by John Patrick Shanley
Singtel Waterfront Theatre, Singapore

The truth rarely appears in black and white, but is swathed in various shades of grey. Doubt, written by John Patrick Shanley and presented by Pangdemonium, explores that precise gulf of uncertainty, where it's impossible to distinguish between what is real and what is apparent. 

So much of this play is rooted in specificity: the 1960s working-class setting in The Bronx, the rigid backdrop of a Catholic school, the impact of a potential misdemeanour by a white priest with a black student. Yet, it feels entirely universal. This is truly a parable for our times, something that could happen anywhere, at any time, to any of us. How often have we been so convinced of a particular course of action that we quash the voice in our head that says otherwise? 

Director Timothy Koh's production is taut and thrilling. Staged in-the-round with audience members seated on all sides, it plays out like a verbal wrestling match on Eucien Chia's sparse, effective set. An arena where words are bandied around like weapons. It's savage yet funny, excavating the nuances in this acclaimed, Pulitzer-Prize-winning text (itself turned into an Academy-Award-nominated film) and creating fine drama.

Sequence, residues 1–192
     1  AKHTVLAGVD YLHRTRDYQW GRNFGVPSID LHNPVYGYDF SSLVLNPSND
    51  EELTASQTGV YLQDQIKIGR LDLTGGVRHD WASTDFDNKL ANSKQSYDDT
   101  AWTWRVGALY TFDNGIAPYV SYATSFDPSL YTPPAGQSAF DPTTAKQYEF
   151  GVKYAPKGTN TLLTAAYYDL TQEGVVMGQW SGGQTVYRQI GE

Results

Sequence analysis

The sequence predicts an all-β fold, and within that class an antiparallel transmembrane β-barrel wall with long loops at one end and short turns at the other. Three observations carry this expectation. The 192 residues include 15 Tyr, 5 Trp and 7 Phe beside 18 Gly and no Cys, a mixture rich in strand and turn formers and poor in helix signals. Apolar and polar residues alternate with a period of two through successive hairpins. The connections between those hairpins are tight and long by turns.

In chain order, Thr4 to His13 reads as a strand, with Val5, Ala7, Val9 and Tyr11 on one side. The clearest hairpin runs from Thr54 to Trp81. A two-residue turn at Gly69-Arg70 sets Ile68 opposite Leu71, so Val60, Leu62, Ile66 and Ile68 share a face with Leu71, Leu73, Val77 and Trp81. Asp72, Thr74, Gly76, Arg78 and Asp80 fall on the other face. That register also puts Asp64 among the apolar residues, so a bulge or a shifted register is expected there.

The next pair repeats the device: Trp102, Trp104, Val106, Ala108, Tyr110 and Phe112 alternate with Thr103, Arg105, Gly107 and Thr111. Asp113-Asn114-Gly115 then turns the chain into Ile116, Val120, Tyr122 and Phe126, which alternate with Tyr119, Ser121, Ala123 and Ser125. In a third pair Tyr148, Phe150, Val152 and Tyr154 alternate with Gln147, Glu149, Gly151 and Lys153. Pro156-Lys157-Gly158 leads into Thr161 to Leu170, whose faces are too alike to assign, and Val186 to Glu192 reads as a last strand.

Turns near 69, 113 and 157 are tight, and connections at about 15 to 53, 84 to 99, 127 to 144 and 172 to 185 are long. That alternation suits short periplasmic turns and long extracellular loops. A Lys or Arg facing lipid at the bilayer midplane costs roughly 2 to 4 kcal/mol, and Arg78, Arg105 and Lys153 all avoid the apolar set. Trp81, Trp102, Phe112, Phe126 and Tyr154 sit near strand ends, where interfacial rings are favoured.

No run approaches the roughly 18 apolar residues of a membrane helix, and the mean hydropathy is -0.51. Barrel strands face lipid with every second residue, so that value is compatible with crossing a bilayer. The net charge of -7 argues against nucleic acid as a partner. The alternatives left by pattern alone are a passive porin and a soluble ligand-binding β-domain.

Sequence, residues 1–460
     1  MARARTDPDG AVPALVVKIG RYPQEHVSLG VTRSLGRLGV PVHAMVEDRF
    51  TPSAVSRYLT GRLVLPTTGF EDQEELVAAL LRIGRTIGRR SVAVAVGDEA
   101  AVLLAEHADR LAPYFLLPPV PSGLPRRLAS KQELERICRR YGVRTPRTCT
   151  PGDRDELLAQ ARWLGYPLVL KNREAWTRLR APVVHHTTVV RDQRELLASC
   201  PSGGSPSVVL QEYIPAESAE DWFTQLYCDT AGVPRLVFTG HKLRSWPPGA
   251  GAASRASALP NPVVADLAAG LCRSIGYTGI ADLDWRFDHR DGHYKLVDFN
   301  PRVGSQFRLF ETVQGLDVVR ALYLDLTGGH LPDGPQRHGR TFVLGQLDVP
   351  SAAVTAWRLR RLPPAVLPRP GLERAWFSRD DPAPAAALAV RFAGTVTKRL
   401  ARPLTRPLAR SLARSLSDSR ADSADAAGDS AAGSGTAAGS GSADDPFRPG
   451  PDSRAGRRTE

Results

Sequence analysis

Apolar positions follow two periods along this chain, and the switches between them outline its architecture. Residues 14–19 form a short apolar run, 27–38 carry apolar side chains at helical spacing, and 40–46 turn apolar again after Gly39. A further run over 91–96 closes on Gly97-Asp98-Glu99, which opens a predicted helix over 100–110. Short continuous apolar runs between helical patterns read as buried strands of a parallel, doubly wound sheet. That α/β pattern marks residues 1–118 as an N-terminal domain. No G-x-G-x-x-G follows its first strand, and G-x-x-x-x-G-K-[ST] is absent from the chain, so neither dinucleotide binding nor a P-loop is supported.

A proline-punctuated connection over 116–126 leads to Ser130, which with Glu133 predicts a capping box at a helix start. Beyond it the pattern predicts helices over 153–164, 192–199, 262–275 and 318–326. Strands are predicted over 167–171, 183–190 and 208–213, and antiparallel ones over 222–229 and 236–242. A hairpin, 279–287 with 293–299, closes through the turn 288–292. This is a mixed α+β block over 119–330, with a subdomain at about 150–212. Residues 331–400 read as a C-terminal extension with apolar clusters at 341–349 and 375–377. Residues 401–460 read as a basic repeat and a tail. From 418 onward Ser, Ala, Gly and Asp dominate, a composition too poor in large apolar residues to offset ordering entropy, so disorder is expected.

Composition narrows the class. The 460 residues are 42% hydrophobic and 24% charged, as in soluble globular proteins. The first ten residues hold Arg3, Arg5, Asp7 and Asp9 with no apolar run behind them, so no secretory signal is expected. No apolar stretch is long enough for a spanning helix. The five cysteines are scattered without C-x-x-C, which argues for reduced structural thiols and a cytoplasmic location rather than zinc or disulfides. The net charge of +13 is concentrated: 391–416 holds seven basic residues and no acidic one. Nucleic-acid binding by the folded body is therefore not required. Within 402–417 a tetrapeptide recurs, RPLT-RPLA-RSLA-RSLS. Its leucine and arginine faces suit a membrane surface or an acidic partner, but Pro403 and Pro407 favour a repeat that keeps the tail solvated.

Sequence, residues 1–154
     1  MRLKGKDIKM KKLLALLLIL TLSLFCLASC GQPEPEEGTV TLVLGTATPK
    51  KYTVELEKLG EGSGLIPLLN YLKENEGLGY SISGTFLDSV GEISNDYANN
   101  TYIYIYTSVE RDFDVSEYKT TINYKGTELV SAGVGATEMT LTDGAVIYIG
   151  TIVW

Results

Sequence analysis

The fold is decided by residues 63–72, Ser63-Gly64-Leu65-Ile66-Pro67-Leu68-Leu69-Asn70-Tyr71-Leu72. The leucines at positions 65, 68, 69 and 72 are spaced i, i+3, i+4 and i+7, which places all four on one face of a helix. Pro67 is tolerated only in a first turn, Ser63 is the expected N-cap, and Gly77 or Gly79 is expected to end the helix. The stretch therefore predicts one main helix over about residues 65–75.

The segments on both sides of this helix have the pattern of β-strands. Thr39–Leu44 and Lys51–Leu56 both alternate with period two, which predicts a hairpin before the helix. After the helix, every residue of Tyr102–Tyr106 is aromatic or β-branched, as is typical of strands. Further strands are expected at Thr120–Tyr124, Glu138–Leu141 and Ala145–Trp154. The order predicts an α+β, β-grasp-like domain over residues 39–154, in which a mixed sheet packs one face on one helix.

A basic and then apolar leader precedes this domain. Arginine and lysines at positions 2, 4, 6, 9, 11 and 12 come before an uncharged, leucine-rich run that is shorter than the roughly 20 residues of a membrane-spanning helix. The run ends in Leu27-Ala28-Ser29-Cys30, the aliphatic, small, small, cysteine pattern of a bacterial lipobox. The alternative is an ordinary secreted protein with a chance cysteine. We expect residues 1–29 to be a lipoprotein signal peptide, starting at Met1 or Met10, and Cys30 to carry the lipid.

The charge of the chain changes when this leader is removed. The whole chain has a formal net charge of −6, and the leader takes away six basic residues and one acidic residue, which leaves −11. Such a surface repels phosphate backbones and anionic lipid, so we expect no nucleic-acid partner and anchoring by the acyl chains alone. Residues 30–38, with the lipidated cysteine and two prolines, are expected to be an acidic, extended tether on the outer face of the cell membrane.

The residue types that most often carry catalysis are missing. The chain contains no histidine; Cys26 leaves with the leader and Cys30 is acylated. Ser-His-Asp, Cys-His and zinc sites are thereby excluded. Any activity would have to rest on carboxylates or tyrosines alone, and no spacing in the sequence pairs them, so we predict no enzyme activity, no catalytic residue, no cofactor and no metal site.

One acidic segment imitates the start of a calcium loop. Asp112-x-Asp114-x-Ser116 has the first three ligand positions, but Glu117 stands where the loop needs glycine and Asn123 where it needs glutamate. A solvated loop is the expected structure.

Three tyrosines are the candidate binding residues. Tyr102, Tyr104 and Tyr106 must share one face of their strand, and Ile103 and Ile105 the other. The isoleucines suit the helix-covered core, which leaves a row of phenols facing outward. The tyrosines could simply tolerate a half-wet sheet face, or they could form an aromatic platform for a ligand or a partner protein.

The show is bolstered by strong performances, including Neo Swee Lin as the severe, unswerving Sister Aloysius, Jason Godfrey as the charming Father Flynn and Sharon Frese as a mother who simply wants the best for her child. I emerged from the theatre feeling unmoored in the best possible way. As a character reminds us, doubt is sometimes a bond as powerful and sustaining as certainty.

The Crystalwords score: 4/5


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